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  • allison@drwaterworth.com
  • (415) 577-4750
  • allison@drwaterworth.com

Category: Learning Disabilities

The College Admissions Scandal: Reflections from an Evaluator

The College Admissions scandal rocked the world of disability testing, with the work product from learning disability evaluators essential to the scam. In this newsletter I offer my reflections on the assessment process and why evaluators must maintain the integrity of the process. I will address several key points: Are parents seeking to game the system? Is slow test-taking always due to a learning disability? Can students expect high test scores if they have high grades? What does it mean

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What is Dyslexia Really?

Dyslexia is a fundamental deficit in the ability to read efficiently. I cannot emphasize the word efficiently enough, because some people think that dyslexia means a student basically cannot read. I have evaluated over 500 people with dyslexia and of those only one was essentially not able to read (even though he had a very high IQ). First, let’s clarify our terms: dyslexia is the term used in the educational therapy domain to signify a reading deficit. Concurrently, psychologists use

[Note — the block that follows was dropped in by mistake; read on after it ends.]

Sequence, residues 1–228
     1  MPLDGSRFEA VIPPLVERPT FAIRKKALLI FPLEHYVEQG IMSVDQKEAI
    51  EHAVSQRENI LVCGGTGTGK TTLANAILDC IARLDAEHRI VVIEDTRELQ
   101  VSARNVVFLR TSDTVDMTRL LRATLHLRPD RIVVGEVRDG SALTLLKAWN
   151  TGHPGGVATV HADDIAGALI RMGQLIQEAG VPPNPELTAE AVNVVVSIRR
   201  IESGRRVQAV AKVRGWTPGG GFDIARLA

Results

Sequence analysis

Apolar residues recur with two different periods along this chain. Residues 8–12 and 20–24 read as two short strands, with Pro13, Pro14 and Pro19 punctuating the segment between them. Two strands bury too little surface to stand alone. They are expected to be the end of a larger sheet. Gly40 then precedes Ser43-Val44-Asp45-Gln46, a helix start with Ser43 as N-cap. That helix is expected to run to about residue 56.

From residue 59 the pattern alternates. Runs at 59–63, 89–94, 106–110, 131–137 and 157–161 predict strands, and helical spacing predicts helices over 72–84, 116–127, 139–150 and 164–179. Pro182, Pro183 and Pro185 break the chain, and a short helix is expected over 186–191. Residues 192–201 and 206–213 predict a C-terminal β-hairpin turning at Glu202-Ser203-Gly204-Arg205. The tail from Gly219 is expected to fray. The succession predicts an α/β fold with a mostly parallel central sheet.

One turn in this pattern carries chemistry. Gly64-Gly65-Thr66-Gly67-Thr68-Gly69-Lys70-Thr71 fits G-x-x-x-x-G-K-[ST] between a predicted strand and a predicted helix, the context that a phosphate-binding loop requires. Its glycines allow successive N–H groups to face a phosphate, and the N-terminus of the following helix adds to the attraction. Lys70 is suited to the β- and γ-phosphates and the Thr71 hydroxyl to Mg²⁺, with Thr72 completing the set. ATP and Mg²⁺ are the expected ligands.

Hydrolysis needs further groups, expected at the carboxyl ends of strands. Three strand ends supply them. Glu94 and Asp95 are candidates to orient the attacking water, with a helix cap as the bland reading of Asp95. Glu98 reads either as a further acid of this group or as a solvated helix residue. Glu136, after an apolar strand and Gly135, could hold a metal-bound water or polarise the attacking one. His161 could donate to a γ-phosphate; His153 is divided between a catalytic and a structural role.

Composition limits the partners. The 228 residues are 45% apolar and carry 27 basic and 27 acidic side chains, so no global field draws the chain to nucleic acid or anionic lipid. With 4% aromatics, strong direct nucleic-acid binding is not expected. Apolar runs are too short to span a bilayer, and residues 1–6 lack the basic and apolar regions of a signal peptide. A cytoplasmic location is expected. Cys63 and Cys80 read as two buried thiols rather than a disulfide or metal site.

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Math Disorders

According to the DSM-5 just 2% of students have a Math Disorder, otherwise known as dyscalculia (dys -Latin for, and caulcula ———). We hear so many students claim, “I’m not good at math!” perhaps even a majority of students in high school and college. Thus, it is incumbent upon learning specialists and evaluators to discern the difference between students who: have foundational gaps in their math knowledge and are weaker in math than language arts, from those who have measured

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